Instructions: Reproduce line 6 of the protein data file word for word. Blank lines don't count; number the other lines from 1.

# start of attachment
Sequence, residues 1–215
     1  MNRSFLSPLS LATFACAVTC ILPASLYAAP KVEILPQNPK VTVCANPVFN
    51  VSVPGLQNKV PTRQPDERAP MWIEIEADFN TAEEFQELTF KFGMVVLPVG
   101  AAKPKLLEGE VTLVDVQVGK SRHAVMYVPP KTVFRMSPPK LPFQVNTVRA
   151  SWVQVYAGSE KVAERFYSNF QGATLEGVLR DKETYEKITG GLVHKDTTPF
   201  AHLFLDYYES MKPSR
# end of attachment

   201  AHLFLDYYES MKPSR